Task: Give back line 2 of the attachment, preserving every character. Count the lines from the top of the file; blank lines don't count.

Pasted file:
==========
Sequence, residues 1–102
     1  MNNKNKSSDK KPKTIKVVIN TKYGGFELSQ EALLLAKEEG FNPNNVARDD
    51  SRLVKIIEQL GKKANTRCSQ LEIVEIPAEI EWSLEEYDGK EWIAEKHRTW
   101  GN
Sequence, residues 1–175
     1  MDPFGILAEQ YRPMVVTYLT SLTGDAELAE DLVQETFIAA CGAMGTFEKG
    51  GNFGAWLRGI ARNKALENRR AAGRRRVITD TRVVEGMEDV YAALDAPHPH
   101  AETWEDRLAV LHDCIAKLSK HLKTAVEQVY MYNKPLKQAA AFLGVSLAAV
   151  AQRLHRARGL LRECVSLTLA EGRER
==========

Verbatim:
     1  MNNKNKSSDK KPKTIKVVIN TKYGGFELSQ EALLLAKEEG FNPNNVARDD